Raymond Bryant was brought in as the District's chief of special education reform in August 2002 to improve a costly and inefficient program that regularly siphoned money from other parts of the school budget.
Bryant will quit this week to become school superintendent in Elmira, N.Y. As he prepares to depart, he acknowledges that the department he leaves behind is, by many measures, as troubled as the one he inherited.
"I have real mixed feelings. There is a lot of unfinished work," says Raymond Bryant, chief of special education reform. Among his successes was an innovative hearing skills program and the renovation of a Southeast school.
(Dudley M. Brooks -- The Washington Post)
His tenure has not been without successes. Bryant shepherded the completion of a languishing renovation project at Prospect Learning Center, a school in Southeast Washington for disabled students, and he championed an innovative program at Key Elementary School in Northwest that trains nearly deaf students to develop their limited hearing skills.
His department also launched programs for students with autism and learning disabilities, allowing 1,800 such children to remain in District schools rather than be sent elsewhere.
Bryant conceded, however, that he has fallen short of some key benchmarks. Special education students make up 20 percent of the school system's enrollment of 61,710 students -- twice the national average for school districts. About one-third of the students are educated in other school districts or in private facilities, resulting in large tuition and transportation expenses for the District. And the department continues to overspend its annual budgets, exceeding its allotted funding by $30 million or more in each of the past few years.
"I have real mixed feelings. There is a lot of unfinished work," Bryant said.
Federal law requires public schools to provide special-needs students with services that give them equal access to a quality education, such as supplying them with tutors and physical or speech therapists. In the District, many of those children have been placed in expensive outside facilities because the school system lacks adequate in-house programs.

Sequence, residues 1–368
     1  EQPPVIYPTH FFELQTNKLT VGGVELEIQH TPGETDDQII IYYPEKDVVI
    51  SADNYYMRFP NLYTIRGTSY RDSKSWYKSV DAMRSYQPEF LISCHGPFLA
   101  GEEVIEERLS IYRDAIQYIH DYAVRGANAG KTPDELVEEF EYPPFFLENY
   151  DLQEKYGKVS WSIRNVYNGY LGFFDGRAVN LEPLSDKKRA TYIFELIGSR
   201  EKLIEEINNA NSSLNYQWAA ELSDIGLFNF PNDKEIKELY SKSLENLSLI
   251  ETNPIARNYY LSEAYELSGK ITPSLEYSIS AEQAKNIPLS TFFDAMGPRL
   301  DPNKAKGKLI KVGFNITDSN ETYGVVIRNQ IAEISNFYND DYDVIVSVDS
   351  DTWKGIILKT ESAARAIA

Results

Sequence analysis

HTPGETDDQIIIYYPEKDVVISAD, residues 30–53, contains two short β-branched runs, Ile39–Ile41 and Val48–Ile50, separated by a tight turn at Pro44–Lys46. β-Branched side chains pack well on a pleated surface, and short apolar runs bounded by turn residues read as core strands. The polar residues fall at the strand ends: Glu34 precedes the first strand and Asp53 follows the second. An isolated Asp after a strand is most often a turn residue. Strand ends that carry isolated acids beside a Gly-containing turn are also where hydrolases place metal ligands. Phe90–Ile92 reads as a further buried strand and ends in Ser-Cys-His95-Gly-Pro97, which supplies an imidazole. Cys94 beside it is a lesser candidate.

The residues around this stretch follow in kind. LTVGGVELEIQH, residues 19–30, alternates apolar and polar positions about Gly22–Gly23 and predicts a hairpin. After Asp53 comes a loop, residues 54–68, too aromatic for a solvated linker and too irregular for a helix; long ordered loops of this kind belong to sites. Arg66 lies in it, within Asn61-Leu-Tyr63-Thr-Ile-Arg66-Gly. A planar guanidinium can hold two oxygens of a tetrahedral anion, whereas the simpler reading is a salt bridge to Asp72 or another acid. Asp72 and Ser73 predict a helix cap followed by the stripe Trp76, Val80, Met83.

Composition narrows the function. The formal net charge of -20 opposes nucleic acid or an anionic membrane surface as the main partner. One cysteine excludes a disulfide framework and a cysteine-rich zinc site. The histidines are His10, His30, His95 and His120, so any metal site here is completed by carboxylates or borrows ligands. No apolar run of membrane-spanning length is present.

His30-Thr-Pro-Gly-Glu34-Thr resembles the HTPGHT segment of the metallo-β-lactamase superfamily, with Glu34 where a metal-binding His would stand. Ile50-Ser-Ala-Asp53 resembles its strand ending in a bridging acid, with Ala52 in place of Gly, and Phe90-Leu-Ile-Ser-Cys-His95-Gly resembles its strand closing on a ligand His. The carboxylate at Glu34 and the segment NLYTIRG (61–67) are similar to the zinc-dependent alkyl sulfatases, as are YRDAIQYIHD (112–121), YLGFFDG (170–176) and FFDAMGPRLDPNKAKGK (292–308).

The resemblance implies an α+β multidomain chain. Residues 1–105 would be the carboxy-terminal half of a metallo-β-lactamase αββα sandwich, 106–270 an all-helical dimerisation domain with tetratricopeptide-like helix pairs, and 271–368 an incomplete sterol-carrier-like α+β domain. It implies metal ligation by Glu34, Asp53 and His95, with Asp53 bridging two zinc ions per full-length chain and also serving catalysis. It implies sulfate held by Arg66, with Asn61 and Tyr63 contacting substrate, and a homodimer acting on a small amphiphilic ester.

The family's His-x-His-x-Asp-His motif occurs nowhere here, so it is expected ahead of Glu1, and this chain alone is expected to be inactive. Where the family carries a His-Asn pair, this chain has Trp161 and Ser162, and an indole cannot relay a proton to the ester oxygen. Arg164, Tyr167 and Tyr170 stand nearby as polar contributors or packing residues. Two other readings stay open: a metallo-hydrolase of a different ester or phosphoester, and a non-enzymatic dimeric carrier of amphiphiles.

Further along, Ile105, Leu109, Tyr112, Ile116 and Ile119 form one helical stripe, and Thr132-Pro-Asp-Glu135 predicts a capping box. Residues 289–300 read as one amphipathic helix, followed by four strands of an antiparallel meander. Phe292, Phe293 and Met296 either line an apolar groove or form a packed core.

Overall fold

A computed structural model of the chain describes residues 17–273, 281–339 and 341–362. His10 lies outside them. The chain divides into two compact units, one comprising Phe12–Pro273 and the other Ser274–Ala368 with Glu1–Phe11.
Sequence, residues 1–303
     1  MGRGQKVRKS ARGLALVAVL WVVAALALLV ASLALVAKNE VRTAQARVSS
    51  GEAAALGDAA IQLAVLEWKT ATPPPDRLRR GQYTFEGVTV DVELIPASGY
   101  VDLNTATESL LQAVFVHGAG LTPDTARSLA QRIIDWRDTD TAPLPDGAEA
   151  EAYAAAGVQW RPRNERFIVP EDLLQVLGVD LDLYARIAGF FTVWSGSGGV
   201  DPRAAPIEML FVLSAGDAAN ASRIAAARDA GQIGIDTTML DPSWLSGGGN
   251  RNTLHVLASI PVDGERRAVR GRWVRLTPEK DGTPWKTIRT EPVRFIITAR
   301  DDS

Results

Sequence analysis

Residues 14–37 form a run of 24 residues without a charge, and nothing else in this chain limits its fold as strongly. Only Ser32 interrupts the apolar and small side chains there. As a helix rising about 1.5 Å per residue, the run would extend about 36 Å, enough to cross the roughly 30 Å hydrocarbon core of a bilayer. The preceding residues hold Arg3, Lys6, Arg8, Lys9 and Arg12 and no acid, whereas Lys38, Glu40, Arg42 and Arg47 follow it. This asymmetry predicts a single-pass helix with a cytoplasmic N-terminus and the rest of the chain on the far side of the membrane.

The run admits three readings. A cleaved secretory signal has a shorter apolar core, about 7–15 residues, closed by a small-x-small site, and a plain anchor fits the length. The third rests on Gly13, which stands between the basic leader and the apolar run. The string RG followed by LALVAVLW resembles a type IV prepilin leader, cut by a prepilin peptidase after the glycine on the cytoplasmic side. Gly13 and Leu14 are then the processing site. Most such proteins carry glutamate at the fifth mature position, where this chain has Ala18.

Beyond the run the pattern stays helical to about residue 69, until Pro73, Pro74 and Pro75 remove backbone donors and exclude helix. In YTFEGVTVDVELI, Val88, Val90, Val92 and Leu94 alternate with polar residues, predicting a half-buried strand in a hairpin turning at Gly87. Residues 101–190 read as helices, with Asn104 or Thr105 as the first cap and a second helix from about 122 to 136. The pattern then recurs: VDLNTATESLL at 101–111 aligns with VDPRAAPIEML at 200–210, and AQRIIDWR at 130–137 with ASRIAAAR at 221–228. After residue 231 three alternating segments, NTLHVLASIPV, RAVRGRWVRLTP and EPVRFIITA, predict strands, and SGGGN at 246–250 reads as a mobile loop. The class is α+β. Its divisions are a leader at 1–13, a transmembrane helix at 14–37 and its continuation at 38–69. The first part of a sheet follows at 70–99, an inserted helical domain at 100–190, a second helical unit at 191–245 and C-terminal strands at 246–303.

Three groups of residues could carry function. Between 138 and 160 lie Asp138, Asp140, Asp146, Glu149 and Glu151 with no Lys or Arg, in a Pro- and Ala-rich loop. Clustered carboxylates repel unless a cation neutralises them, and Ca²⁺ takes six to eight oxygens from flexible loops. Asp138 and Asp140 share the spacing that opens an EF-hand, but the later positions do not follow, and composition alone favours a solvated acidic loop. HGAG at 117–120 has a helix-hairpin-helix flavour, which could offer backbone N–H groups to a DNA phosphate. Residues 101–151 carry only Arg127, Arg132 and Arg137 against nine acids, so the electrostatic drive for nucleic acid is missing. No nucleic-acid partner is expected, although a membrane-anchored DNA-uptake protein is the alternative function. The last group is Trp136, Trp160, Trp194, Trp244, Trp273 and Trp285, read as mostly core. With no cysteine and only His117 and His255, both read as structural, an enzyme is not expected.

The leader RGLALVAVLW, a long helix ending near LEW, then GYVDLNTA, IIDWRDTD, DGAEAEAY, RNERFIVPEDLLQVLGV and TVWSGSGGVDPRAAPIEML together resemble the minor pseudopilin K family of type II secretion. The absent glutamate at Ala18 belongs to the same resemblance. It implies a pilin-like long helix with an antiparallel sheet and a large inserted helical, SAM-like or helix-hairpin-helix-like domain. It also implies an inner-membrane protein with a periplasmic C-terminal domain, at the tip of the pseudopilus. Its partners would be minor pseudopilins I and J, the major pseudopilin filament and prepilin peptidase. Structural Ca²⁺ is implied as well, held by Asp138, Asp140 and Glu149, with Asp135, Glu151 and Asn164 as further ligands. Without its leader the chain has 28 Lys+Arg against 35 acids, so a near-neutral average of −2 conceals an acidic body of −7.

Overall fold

Bryant said his efforts to expand in-house programs were slowed by a nationwide shortage of certified special education teachers and lack of money to outfit school buildings with wheelchair ramps and elevators.
Even in cases in which District schools are equipped to meet students' needs, many parents seek to have their children placed in a more attractive setting, Bryant said. "If your buildings have windows glazed over, the air conditioner doesn't work, if the building is not inviting, parents aren't going to want their kids to go to your school," he said.
Hearing officers rule in favor of parents about 80 percent of the time, usually not because of the merits of the outside placement but rather because of such procedural issues as the school system failing to schedule a diagnostic test on time, Bryant said.
For each special education student sent to an outside program, the school system spends an average of about $18,000 a year for transportation and $45,000 a year for tuition.
David Gilmore, who was appointed by a federal judge to oversee special education transportation in a settlement of a class-action suit filed by parents, said Bryant should have been a stronger advocate for the department.
Bryant had no "adequate plan with specific timetables . . . to spell out how reform will be accomplished," Gilmore said. "It would have been his responsibility to develop the plan and shepherd it through the bureaucracy."
But Bryant said the school system as a whole, not just his department, "has to own the overall fix of special education."